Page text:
Eye experts warn people not to take pictures of March 20 solar eclipse on a smartphone because of blindness risk.
The danger comes as people look directly at the Sun as they position themselves for selfies or other shots.
Inadvertently, glancing at the Sun – even briefly while setting up a shot – can lead to burns at the back of eye.
Experts advise indirect viewing, using pinholes and facing away from the Sun.
The safest ways to view the eclipse include using a pinhole camera to project an image of the eclipse on to a piece of card.
Other options involve using colanders to make multiple pinholes or using specifically designed eclipse viewing glasses.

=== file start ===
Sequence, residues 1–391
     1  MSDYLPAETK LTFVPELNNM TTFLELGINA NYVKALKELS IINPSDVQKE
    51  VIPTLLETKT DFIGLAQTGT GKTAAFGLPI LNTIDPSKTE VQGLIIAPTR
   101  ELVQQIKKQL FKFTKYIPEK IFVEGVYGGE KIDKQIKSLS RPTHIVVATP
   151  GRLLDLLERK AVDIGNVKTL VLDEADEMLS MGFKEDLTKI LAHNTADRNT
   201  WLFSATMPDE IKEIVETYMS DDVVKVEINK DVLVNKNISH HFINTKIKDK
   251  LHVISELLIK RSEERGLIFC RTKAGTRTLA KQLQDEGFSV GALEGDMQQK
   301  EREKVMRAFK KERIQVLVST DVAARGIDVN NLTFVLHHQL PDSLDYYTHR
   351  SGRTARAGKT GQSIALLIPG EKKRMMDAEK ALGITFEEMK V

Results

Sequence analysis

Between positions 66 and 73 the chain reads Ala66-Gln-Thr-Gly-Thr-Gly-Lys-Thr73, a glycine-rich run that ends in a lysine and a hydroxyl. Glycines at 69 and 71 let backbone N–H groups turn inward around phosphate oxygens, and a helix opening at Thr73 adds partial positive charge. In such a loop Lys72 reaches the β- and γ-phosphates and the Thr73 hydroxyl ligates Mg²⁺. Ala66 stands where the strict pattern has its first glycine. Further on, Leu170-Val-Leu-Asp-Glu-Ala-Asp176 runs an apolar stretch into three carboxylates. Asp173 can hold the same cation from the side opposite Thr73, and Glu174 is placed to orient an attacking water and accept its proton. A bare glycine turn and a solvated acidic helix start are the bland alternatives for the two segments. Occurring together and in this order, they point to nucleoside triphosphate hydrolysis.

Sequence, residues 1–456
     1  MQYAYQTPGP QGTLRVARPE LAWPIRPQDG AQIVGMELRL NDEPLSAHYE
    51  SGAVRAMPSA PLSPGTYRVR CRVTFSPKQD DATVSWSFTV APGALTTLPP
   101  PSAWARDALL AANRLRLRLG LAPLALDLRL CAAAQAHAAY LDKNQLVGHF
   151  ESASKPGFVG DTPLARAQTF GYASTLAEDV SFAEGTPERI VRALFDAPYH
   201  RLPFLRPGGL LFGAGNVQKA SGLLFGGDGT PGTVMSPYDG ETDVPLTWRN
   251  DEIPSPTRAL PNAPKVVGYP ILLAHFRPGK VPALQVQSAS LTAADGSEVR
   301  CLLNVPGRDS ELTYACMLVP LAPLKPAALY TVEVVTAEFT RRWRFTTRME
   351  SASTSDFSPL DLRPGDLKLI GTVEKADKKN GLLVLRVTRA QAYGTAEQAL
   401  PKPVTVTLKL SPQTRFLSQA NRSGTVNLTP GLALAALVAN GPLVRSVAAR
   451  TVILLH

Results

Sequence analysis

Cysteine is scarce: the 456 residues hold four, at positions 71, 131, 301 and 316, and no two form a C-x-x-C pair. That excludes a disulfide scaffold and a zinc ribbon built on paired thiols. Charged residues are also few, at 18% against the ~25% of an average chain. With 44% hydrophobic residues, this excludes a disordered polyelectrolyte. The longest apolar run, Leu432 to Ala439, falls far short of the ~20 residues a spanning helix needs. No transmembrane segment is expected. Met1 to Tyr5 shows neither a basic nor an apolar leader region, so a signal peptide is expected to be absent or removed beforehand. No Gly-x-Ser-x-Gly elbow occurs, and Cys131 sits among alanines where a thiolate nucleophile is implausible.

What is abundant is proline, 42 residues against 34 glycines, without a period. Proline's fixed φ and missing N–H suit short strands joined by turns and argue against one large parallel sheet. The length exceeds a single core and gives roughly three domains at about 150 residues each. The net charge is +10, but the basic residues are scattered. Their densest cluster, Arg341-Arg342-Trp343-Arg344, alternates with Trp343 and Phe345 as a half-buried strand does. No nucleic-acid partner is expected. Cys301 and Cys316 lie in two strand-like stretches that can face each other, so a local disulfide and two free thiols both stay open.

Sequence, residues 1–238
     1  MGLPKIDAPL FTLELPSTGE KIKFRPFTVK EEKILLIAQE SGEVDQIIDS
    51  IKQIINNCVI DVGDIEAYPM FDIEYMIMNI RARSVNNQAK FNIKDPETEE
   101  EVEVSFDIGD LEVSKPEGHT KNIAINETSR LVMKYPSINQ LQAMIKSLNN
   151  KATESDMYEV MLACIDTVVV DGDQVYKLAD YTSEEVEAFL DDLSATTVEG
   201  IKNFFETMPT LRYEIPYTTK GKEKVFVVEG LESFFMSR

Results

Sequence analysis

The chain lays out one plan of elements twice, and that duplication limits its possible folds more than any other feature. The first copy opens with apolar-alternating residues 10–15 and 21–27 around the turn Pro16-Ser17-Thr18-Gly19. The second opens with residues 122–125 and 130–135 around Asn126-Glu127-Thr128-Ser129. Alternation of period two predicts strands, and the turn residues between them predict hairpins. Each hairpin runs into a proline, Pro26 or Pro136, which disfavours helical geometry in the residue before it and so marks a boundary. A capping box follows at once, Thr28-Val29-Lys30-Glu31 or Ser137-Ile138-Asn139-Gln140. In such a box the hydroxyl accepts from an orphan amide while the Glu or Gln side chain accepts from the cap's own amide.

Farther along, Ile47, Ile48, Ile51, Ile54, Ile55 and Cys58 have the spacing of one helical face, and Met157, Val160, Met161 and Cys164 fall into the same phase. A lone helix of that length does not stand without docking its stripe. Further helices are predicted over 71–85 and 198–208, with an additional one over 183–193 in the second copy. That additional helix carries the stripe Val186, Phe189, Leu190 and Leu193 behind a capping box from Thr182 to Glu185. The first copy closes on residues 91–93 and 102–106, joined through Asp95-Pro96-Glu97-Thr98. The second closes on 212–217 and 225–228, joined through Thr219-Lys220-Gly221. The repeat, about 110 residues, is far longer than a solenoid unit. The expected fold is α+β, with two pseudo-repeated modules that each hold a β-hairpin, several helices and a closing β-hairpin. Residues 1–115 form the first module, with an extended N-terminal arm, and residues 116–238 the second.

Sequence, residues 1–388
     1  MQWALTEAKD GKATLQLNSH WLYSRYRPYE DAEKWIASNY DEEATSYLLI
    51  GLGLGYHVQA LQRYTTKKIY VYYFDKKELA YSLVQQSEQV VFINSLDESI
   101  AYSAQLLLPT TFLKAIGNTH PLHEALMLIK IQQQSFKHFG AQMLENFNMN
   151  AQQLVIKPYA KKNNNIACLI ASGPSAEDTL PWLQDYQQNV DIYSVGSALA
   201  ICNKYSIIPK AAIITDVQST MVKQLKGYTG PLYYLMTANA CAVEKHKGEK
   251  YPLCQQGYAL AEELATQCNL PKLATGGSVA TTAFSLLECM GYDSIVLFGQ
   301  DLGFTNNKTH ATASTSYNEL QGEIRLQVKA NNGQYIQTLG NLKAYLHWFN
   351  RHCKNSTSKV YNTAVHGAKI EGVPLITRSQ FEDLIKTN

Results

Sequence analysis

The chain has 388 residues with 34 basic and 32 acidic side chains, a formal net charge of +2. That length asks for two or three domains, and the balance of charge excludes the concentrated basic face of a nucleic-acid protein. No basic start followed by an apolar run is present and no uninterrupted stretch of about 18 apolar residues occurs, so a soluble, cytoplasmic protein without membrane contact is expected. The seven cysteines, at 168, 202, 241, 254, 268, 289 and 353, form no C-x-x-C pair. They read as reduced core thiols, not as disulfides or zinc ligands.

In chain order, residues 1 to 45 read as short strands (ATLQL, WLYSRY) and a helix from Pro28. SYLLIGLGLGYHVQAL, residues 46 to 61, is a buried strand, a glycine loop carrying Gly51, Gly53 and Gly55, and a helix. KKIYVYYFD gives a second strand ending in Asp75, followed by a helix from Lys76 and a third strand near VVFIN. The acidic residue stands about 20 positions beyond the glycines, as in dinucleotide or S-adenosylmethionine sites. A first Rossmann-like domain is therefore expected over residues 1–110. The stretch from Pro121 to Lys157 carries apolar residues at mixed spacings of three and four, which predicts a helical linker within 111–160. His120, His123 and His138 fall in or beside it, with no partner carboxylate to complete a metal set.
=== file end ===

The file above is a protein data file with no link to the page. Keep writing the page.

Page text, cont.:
Experts warn the glasses must be checked for damage first and should be put on before looking up at the sky.
It’s a Total Solar Eclipse in the Faroe Islands and Svalbard (Norway), and a Partial Solar Eclipse in Europe, northern and eastern Asia and northern and western Africa. The eclipse starts at 07:41 UTC and ends at 11:50 UTC.
The sky will darken but the Sun will still peek out from behind the Moon.
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